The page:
“You won’t need that here,” said one of the instructors as he saw me checking out my phone. Indeed, out there, in the United States’ Sierra Nevada, there is no cell phone reception, no Wi-Fi, no sign of life for kilometres on end. It’s a dry place, a rocky place, one decorated with Redwoods. It’s hot during the day, and very cold at night. It’s a place where one could easily get lost, or even lose their life if they didn’t know what they were getting into.
Isn’t that the perfect playground to drive a Jeep?
The Nurburgring for Off-road Vehicles
The Rubicon Trail is one of the most intense off-road courses on the planet. It’s comprised of 35 km of rocks and steep inclines. Essentially, you don’t go there in a crossover such as the Honda CR-V or the Toyota RAV4. The Rubicon is for pros. And believe it or not, this is where Jeep tests its Wrangler, where the Rubicon name stamped on its most extreme model comes from.
While some carmakers fine-tune their cars on the legendary Nurburgring circuit in Germany, Jeep calibrates its iconic model here. Believe us when we say that the Trail Rated badge on your Wrangler isn’t just a marketing stunt. It’s the real deal.
The 2018 Jeep Wrangler Rubicon comes straight out of the latest Wrangler generation. Purists call it by its internal code name, the JL. It adds important modifications to what is already a capable off-road machine, allowing it to take on the harshest conditions Mother Nature has at her disposal.
The add-ons include a set of BFGoodrich T/A K02 33-inch tires, a Rock-Trac transfer case with a 4.1 ratio, Dana M210 (front) and M220 (rear) axles, skid plates, a reworked suspension setup, and rocker panels made of steel.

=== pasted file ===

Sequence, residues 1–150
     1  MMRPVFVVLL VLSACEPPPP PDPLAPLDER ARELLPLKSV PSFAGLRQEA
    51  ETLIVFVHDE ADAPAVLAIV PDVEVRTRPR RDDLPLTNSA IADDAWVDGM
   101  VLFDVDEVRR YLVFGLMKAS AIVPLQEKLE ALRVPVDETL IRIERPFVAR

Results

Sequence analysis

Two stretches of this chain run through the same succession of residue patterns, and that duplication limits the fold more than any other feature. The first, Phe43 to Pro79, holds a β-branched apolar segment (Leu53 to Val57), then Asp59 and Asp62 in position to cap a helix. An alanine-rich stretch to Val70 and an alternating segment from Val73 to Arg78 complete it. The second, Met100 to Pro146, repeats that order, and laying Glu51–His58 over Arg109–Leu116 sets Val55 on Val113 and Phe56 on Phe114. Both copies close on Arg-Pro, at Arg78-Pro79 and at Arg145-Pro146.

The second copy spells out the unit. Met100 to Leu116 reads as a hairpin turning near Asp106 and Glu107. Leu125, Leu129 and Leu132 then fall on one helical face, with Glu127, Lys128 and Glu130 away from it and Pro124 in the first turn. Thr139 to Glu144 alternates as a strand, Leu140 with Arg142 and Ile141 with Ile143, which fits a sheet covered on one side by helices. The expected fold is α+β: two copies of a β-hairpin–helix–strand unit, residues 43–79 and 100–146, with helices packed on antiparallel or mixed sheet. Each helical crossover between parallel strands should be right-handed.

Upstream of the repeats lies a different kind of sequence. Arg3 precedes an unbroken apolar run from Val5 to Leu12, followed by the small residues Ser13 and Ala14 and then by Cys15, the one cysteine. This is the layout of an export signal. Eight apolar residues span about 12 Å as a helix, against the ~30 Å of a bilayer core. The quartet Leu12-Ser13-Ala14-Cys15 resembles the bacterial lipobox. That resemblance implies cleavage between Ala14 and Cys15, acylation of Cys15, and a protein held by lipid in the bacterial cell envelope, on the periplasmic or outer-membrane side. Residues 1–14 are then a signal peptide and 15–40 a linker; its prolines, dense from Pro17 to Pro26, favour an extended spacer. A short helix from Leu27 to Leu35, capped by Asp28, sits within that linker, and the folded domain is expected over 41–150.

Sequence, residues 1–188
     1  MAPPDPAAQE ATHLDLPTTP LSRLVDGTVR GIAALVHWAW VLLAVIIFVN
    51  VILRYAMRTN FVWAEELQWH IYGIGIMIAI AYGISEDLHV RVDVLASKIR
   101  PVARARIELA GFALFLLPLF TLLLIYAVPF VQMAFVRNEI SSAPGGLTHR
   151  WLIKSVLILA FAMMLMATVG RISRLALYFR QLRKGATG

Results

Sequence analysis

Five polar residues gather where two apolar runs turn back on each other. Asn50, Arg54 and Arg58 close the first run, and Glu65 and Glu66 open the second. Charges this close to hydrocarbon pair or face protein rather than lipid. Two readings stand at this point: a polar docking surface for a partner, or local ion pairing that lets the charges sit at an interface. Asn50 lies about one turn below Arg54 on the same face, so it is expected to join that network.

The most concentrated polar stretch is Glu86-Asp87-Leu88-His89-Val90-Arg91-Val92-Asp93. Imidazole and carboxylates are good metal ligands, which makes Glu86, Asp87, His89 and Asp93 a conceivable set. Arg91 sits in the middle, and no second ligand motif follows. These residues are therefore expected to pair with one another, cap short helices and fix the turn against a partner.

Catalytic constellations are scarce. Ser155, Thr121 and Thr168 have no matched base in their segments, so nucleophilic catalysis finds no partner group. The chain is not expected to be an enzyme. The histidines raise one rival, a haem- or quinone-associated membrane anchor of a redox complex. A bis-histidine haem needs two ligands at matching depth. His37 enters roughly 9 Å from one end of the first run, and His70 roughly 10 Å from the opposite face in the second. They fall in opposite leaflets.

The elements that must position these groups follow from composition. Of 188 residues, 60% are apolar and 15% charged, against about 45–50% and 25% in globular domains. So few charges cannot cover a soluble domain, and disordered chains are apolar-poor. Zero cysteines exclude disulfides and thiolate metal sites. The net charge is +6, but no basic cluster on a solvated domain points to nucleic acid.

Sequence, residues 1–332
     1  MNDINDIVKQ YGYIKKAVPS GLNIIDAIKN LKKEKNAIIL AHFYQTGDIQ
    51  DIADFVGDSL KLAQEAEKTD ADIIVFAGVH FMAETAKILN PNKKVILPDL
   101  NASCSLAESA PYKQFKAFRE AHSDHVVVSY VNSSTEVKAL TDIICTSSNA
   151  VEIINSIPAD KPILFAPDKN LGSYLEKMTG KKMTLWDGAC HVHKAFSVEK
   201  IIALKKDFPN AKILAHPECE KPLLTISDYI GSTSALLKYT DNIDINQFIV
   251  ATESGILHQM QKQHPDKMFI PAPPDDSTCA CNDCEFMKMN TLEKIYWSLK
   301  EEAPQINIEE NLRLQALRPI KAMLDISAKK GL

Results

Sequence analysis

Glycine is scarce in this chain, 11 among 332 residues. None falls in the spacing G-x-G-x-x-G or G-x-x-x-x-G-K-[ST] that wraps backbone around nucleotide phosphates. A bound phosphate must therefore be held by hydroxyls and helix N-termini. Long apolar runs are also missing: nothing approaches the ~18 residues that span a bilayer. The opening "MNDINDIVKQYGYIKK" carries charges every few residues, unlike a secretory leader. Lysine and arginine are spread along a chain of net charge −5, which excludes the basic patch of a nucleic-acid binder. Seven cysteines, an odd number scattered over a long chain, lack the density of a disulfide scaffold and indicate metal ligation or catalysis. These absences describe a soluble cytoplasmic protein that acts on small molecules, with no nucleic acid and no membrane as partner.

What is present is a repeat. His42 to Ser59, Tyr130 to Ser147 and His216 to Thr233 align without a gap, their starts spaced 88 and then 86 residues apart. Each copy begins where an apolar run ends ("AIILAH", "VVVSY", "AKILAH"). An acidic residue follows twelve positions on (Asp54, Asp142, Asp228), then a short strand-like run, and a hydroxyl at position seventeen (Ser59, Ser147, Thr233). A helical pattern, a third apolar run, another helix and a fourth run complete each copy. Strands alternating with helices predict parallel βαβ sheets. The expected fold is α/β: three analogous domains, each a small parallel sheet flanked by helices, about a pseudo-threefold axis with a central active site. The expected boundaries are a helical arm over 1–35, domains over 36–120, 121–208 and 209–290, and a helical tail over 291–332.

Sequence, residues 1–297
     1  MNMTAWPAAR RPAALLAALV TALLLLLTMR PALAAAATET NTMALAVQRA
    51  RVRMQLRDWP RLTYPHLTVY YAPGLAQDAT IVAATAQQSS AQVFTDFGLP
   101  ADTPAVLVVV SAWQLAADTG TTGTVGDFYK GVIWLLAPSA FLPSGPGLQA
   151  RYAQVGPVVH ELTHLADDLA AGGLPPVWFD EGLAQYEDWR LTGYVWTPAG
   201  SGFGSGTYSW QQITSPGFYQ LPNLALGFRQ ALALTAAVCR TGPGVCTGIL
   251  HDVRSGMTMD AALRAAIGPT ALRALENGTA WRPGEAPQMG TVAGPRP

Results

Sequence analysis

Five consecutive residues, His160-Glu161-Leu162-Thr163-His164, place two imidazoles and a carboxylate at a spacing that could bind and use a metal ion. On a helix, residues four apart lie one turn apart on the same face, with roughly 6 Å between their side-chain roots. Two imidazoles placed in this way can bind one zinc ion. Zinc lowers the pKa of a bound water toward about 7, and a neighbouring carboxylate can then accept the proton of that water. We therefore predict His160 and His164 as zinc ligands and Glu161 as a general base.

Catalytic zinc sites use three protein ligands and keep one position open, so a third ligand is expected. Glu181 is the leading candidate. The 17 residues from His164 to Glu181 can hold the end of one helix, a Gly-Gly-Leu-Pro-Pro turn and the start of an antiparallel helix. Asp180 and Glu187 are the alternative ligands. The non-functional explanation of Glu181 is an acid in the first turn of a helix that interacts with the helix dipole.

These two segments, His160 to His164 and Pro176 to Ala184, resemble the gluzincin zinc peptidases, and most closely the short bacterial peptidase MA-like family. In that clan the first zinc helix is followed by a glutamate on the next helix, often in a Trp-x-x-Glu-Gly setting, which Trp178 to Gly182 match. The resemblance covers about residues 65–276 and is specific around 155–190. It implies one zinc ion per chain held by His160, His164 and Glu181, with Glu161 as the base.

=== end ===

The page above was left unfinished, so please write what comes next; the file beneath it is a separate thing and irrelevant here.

Like the rest of the Wrangler lineup, the Rubicon can either be powered by a 3.6-litre V6 good for 285 horsepower and 260 lb.-ft. of torque, or a 2.0-litre turbo four, coupled to a tiny electric motor, for a total power delivery of 270 horsepower and 295 lb.-ft. of torque. These engines can either be grafted onto an eight-speed automatic, or a six-speed manual gearbox.
From the Helicopter to the Camp
The adventure began with a helicopter ride that then dumped us at the entrance of the trail. That’s where the Jeeps were parked. Some had two doors, others four. Hard tops, rag tops, green, orange ones. They were all there.
The plan was to get to the trail camp, which is maintained and financed by the members of the Rubicon foundation. Once there, we’d refill on gasoline, food, and water, then sleep in tents. No grand hotel here, no shower, just a river and chemical toilets for our special needs. This wasn’t a media event like the rest.
I grabbed the wheel of a four-door Wrangler Rubicon, fitted with the V6 and the automatic transmission. Mine had Mopar accessories on it, such as a lifted suspension and a Ward winch. I figured these add-ons would serve me good in a trail I was attacking for the first time in my life.